Akhondzadeh S, Naghavi HR, Vazirian M, Shayeganpour A, Rashidi H, Khani M.
J Clin Pharm Ther. 2001 Oct;26(5):363-7.
Preoperative oral Passiflora incarnata reduces anxiety in ambulatory surgery patients: a double-blind, placebo-controlled study.
Movafegh A, Alizadeh R, Hajimohamadi F, Esfehani F, Nejatfar M.
Anesth Analg. 2008 Jun;106(6):1728-32.
A double-blind, placebo-controlled investigation of the effects of Passiflora incarnata (passionflower) herbal tea on subjective sleep quality.
Ngan A, Conduit R.
Phytother Res. 2011 Aug;25(8):1153-9.
Neurobiological effects of the green tea constituent theanine and its potential role in the treatment of psychiatric and neurodegenerative disorders.
Lardner AL.
Nutr Neurosci. 2014 Jul;17(4):145-55.
Anti-stress effect of theanine on students during pharmacy practice: positive correlation among salivary α-amylase activity, trait anxiety and subjective stress.
Unno K, Tanida N, Ishii N, Yamamoto H, Iguchi K, Hoshino M, Takeda A, Ozawa H, Ohkubo T, Juneja LR, Yamada H.
Pharmacol Biochem Behav. 2013 Oct;111:128-35.
L-theanine relieves positive, activation, and anxiety symptoms in patients with schizophrenia and schizoaffective disorder: an 8-week, randomized, double-blind, placebo-controlled, 2-center study.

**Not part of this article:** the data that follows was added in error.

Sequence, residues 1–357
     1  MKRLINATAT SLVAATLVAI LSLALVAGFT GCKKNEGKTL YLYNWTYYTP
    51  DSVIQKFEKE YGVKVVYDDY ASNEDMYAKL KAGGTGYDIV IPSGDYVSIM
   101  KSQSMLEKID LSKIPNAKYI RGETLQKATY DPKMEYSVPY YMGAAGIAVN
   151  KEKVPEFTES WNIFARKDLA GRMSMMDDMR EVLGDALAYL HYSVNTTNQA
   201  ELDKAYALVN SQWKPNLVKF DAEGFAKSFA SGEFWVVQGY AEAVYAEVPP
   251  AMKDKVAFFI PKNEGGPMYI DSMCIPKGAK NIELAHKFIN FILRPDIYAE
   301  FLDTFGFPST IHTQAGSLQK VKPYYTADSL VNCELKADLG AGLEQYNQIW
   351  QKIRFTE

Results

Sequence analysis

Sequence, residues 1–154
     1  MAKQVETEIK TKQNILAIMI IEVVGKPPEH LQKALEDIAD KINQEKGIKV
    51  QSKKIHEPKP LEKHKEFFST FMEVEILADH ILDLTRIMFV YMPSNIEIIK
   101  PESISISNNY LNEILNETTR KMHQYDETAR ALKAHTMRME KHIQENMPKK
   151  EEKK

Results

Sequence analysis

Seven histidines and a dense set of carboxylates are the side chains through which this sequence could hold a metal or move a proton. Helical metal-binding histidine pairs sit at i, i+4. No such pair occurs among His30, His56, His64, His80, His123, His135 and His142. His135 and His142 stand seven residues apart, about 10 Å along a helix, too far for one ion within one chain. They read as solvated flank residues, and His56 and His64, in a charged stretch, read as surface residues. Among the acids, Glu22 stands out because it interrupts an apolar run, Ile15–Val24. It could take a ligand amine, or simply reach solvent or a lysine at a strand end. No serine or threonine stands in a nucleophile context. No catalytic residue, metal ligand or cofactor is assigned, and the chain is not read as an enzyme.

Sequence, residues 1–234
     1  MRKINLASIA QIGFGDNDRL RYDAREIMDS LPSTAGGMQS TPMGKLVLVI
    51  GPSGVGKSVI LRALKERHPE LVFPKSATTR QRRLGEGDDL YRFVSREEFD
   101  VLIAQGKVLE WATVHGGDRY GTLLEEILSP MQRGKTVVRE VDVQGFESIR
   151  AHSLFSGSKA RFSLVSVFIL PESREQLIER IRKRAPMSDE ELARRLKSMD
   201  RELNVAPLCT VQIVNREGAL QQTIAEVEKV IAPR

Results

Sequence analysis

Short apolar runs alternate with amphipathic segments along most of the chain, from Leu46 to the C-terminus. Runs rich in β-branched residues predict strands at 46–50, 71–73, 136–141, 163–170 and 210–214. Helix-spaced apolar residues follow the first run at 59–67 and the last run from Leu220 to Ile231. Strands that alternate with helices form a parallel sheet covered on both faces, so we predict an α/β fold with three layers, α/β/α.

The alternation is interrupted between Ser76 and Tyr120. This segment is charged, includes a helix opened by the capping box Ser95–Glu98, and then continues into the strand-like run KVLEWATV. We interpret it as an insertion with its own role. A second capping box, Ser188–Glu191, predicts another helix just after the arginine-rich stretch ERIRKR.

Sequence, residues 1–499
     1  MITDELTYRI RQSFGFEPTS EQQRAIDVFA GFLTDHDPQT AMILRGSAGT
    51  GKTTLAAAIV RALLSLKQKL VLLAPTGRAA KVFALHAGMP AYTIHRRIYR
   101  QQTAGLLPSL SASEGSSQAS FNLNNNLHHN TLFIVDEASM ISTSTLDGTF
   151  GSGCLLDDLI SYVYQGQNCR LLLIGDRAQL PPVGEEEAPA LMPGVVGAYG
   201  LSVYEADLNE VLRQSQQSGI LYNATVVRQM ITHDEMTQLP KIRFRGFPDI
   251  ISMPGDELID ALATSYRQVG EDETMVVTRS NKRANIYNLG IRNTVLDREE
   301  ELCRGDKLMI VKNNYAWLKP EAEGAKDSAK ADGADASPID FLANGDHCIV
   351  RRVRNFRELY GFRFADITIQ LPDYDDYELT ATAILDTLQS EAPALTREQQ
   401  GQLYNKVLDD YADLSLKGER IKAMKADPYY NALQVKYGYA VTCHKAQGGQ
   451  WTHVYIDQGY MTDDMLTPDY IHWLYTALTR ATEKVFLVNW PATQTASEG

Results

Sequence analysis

Ritsner MS, Miodownik C, Ratner Y, Shleifer T, Mar M, Pintov L, Lerner V.
J Clin Psychiatry. 2011 Jan;72(1):34-42.
K. Kobayashi et al., “Effects of L Theanine on the Release of Alpha-Brain Waves in Human Volunteers,” Journal of the Agricultural Chemical Society of Japan 72, no. 2 (1998): 153–157.
Effects of Melissa officinalis L. (lemon balm) extract on neurogenesis associated with serum corticosterone and GABA in the mouse dentate gyrus.
Yoo DY, Choi JH, Kim W, Yoo KY, Lee CH, Yoon YS, Won MH, Hwang IK.
Neurochem Res. 2011 Feb;36(2):250-7.
Anxiolytic effects of a combination of Melissa officinalis and Valeriana officinalis during laboratory induced stress.
Kennedy DO, Little W, Haskell CF, Scholey AB.
Phytother Res. 2006 Feb;20(2):96-102.
Attenuation of laboratory-induced stress in humans after acute administration of Melissa officinalis (Lemon Balm). Kennedy DO, Little W, Scholey AB.
Psychosom Med. 2004 Jul-Aug;66(4):607-13.
Pilot trial of Melissa officinalis L. leaf extract in the treatment of volunteers suffering from mild-to-moderate anxiety disorders and sleep disturbances
Julien Cases, Alvin Ibarra, Nicolas Feuillère, Marc Roller, Samir G. Sukkar
Med J Nutrition Metab. 2011 December; 4(3): 211–218